Monday, May 28, 2012

Strawberry muffins!

Ed and I got back from our anniversary trip to Philadelphia late last night... too late to go to the grocery store. We woke up this morning and tried to order breakfast from our usual bagel delivery spot only to discover that they were closed for Memorial Day. Nooooo!

Since we'd cleaned out the fridge in anticipation of our trip, there wasn't much to scrounge up for breakfast. No milk, half a cup of Greek yogurt, a single solitary egg.... not exactly promising. But hey, we did pack some local strawberries away in the freezer before we left. And then, with just a little Googling, the answer became clear: strawberry muffins!

I thawed two eight-ounce jars of chopped strawberries to use in the muffins - one that we'd just popped in last week and one that had been frozen in light syrup since last June. I was a little worried that the berries that had hibernated in the freezer for close to a year would be kinda funky, but they were actually just as delicious as the day we'd packed them.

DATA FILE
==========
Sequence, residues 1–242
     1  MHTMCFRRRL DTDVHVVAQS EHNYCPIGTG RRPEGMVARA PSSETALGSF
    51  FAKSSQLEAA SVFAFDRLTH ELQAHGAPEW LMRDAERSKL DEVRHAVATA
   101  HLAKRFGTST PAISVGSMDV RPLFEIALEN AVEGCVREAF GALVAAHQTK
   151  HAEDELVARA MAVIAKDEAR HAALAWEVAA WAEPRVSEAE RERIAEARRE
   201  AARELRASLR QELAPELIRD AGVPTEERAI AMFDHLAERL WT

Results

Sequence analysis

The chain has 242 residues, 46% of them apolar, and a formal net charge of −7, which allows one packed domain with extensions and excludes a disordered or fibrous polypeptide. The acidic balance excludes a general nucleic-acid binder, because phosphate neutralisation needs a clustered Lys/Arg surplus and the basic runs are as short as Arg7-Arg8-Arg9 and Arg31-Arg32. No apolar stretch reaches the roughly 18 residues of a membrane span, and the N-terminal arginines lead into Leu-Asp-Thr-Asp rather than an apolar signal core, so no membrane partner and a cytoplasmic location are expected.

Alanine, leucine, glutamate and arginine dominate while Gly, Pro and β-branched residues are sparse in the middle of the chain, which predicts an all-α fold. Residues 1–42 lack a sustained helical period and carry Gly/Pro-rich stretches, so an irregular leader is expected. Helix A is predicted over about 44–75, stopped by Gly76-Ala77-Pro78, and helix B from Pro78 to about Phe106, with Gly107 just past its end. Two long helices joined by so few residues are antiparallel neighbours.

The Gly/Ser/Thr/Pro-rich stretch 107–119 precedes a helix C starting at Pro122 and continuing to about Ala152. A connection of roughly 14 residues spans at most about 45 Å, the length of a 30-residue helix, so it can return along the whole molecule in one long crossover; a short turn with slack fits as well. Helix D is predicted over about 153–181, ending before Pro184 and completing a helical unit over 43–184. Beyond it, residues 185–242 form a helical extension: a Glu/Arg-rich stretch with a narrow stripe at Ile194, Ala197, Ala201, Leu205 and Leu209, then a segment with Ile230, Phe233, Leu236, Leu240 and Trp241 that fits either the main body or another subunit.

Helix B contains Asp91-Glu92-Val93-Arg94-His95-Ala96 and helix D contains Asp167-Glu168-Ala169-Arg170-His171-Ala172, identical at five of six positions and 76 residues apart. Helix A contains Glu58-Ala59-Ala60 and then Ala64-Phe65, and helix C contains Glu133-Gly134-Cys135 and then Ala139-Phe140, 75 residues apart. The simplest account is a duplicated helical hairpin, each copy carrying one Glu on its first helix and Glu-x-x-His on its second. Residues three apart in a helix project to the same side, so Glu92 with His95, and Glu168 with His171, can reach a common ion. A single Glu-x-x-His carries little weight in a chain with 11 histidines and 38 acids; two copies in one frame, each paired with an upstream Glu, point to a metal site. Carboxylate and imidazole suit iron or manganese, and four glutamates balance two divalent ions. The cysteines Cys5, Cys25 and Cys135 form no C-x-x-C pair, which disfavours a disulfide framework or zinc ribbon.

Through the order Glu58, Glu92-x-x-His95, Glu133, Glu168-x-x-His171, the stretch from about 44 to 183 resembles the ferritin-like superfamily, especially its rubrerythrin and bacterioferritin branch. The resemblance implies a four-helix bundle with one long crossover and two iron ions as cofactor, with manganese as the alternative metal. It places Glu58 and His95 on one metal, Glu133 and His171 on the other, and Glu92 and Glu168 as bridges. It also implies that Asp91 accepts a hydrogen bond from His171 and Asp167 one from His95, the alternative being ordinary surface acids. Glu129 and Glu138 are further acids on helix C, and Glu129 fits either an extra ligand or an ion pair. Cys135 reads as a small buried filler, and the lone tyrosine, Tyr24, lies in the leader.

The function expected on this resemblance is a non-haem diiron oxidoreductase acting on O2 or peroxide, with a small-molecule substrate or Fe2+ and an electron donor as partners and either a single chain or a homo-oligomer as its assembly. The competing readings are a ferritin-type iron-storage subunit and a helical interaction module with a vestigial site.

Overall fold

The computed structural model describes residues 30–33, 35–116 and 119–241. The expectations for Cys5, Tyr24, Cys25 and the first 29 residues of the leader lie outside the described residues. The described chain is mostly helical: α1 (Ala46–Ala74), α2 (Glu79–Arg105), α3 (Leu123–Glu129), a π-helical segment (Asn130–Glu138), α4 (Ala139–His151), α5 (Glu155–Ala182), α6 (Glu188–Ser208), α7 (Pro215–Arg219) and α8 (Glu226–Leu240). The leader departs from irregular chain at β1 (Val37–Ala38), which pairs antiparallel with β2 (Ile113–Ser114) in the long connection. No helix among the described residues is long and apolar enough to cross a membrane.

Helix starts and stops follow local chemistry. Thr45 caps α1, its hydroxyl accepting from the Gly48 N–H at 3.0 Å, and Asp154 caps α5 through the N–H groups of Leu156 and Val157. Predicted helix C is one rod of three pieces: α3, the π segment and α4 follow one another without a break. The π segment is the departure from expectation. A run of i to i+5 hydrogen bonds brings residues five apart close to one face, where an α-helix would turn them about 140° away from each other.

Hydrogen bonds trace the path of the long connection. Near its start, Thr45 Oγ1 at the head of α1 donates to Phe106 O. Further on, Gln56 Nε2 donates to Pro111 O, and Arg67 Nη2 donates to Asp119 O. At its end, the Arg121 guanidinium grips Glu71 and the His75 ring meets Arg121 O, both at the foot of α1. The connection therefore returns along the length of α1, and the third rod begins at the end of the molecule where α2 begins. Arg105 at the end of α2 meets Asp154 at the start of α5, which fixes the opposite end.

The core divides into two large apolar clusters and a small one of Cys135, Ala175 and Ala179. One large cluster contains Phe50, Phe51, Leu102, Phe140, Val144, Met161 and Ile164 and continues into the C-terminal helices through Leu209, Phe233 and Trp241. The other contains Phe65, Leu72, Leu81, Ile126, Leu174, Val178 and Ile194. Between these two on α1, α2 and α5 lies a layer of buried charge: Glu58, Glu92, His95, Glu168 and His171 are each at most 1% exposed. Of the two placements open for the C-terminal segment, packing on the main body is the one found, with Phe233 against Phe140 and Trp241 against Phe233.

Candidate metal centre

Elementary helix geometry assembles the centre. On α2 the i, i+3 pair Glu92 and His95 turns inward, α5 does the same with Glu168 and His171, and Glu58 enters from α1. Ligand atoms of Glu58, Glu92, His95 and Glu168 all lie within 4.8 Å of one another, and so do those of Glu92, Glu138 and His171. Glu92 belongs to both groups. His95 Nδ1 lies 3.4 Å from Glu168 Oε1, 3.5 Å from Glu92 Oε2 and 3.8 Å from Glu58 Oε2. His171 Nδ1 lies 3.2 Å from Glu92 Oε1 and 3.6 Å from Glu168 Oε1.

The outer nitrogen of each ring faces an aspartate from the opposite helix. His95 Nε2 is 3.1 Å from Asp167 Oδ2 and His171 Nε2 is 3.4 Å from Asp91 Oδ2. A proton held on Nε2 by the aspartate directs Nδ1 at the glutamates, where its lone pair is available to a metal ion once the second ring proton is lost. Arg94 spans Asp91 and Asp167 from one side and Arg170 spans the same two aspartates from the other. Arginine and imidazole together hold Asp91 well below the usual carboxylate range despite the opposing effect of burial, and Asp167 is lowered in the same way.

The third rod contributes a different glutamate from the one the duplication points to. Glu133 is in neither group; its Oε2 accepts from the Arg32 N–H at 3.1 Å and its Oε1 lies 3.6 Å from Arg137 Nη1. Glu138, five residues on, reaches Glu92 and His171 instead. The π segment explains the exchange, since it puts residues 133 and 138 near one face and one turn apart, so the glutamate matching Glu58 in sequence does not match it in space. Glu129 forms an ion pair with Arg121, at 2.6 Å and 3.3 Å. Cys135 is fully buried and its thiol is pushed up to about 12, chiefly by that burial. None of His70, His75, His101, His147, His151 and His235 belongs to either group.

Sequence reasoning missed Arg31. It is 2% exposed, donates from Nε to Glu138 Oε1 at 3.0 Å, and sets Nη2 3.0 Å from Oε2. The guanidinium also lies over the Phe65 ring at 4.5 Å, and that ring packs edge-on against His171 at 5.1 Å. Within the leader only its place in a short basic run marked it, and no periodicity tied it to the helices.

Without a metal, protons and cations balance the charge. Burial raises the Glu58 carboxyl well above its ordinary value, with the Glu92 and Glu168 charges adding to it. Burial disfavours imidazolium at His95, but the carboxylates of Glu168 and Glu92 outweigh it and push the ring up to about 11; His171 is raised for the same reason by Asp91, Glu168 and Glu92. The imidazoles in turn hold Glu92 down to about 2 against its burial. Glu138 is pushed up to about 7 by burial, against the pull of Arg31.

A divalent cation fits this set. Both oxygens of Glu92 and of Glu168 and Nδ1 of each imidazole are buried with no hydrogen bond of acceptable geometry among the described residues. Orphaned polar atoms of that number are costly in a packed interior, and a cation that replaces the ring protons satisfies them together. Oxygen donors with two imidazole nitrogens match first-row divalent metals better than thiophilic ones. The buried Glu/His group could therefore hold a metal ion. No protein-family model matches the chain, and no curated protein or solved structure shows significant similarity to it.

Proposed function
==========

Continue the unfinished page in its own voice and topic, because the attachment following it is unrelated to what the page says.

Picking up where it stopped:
I had to make a couple of quick substitutions - yogurt instead of milk, almond extract instead of vanilla - but the muffins were delicious anyway; light and fluffy and bursting with strawberry flavor. Breakfast is saved!

Strawberry Muffins
barely adapted from A Recipe A Day 

1/2 c. softened butter
3/4 c. sugar
1 egg
2 c. flour
2 t baking powder
1 t cinnamon
1/2 t salt
1/2 t almond extract
1/2 c. Greek yogurt
1 1/2 c. chopped strawberries

3 T sugar
1 t cinnamon

Preheat oven to 400 degrees.